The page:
Maseru - The Southern African Development Community (SADC) has deployed a standby force to Lesotho to avert any coup attempt and forestall any further trouble in the unstable kingdom after this week’s assassination of Lesotho Defence Force (LDF) commander Khoantle Motsomotso.
The force is drawn from South Africa, Angola and Mozambique.
Members of the SANDF are already in Lesotho having started arriving on Wednesday while more reinforcements were expected on Thursday and Friday.
Lesotho’s Defence and National Security Minister Sentje Lebona confirmed the deployment of the SADC force but declined to disclose the size of the force nor details of its material wherewithal.
There was nevertheless no joy in getting comment from the South African side with Defence Minister Nosiziwa Mapisa-Nqakula’s spokeswoman Joy Peter referring all questions to SANDF spokesman Xolani Mabanga who promised to revert back to us but never did so.
Minister Lebona nonetheless said the standby force would ensure stability in Lesotho while also providing security during the implementation of a raft of reforms recommended by SADC to try and end perennial political instability in Lesotho.
SADC has also deployed into Lesotho four ministers from the SADC Ministerial Double Troika and a fact-finding mission consisting of defence and security chiefs to deal with the latest round of instability in that country.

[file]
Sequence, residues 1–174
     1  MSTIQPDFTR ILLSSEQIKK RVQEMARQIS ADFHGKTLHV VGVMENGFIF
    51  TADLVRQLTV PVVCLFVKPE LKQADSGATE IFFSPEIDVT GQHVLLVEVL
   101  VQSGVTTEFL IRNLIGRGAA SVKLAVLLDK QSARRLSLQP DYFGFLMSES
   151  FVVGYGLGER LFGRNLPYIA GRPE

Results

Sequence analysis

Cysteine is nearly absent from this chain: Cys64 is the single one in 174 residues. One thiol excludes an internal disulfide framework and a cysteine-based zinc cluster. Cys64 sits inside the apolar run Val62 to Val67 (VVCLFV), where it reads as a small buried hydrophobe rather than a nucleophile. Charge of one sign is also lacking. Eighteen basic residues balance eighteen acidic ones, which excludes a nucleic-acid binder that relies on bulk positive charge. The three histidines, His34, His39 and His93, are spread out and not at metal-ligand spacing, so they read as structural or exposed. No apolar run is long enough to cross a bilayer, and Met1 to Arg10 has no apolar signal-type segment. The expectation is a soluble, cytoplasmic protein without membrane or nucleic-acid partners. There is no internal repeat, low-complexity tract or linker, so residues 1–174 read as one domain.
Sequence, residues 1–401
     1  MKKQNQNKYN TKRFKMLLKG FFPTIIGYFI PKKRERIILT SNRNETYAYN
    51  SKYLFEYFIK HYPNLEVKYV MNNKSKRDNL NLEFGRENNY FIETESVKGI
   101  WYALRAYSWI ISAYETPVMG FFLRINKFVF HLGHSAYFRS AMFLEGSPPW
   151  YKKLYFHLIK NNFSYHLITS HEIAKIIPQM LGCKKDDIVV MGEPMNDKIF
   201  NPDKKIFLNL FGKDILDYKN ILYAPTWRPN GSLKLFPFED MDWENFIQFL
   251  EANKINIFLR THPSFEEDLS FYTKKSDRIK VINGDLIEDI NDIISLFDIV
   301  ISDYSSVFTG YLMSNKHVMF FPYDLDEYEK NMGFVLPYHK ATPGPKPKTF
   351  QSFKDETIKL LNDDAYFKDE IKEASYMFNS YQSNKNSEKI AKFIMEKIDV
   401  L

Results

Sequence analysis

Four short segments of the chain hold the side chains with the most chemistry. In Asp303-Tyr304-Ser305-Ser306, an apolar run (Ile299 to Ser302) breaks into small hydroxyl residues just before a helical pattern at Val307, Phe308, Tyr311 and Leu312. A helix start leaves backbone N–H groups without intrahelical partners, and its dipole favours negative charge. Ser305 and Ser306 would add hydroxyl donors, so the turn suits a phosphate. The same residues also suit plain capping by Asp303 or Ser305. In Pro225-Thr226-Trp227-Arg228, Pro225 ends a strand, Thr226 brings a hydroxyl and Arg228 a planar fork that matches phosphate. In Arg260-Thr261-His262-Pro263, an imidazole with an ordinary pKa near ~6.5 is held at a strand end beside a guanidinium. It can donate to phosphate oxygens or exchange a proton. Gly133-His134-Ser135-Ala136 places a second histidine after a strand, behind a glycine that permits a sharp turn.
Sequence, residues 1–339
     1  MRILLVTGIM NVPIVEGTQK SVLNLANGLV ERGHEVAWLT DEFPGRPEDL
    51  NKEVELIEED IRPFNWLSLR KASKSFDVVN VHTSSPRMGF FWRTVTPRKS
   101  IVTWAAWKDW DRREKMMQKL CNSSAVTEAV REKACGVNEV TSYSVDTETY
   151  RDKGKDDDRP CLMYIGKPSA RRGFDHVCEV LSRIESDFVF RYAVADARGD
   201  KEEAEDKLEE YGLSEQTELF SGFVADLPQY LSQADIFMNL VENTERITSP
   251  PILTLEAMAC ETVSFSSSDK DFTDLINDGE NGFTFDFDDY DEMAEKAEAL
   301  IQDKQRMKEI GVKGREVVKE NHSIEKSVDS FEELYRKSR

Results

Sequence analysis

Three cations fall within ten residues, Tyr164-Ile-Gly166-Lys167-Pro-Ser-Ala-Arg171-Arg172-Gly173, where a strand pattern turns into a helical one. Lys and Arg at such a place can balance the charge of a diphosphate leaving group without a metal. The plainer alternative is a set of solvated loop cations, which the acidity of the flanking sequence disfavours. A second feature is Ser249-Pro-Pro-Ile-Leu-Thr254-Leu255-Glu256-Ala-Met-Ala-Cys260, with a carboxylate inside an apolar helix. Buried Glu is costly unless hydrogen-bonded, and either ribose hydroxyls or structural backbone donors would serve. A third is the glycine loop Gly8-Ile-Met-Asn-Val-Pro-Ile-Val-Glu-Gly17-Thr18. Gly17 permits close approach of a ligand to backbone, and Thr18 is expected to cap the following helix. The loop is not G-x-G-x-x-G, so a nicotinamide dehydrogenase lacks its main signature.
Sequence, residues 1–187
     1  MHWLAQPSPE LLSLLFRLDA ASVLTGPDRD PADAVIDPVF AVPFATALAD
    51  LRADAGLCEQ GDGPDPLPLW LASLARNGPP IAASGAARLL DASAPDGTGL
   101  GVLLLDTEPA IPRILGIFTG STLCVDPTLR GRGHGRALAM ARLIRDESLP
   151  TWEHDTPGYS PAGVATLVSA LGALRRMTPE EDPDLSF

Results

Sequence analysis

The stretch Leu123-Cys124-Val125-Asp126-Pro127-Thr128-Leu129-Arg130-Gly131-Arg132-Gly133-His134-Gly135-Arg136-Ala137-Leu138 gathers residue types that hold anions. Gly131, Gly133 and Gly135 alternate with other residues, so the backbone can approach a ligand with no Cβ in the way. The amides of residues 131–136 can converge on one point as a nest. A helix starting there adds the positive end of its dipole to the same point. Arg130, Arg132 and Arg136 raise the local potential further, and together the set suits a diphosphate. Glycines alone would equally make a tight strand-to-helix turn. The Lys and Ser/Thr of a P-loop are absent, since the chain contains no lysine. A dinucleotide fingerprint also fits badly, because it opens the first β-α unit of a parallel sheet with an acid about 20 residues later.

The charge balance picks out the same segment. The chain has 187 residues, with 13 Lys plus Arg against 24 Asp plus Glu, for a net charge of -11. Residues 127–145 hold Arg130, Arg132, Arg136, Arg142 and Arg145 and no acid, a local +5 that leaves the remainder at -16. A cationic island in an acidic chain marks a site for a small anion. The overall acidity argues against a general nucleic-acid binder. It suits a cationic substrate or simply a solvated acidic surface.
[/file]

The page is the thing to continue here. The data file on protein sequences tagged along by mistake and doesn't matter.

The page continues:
Motsomotso was shot dead at his offices at Ratjomose barracks, outside Maseru, on Tuesday morning by two of his senior officers, Brigadier Bulane Sechele and Colonel Tefo Hashatsi.
Sechele and Hashatsi were in turn killed by Motsomotso’s bodyguards who responded after hearing gunshots.
The Lesotho government has since explained that Motsomotso was shot by Sechele after the two had asked the LDF commander to halt ongoing police investigations into various atrocities committed by members of the LDF during the previous tenure of Prime Minister Pakalitha Mosisili, who was ousted by new Premier Thomas Thabane in elections held on June 3, 2017.
Motsomotso had turned down his two senior officer’s request saying the investigations were part of recommendations by SADC to hold LDF members responsible for past atrocities accountable.
Both Hashatsi and Sechele had worked closely with ousted former LDF commander Tlali Kamoli in perpetrating atrocities in Lesotho during the previous regime of former premier Mosisili.
Motsomotso had served as Kamoli’s deputy during the latter’s reign of terror under Mosisili but was elevated to become LDF commander after Kamoli was ousted in December 2016 owing to pressure from SADC and America for his removal.
The United States had threatened to boot Lesotho out of Agoa unless Kamoli was removed as recommended earlier by a SADC commission of inquiry.
When Prime Minister Thabane assumed the reigns, Motsomotso made a U-turn and jettisoned his colleagues with whom he had committed atrocities. He started cooperating with new Prime Minister Thabane and implementing all the latter’s orders.
This seems to have irked other senior officers who had expected Motsomotso to destabilise Thabane’s government resulting in this week’s incident.
It has since emerged that Sechele and Hashatsi had planned to stage a coup if they had survived after killing Motsomotso. Police found on Sechele a statement he had planned to read to the nation announcing the army’s takeover if the coup had succeeded.
“The army will be in power for not more than five years in order to implement the reforms that the politicians have failed to do on their own,” part of the statement read.
“We assure the nation that its property and state of security are in good hands.”
Lesotho’s army is at the centre of instability in that impoverished country. Its attempt to stage a coup on August 30, 2014 sparked a series of events that have fostered more instability since then.
Independent Foreign Service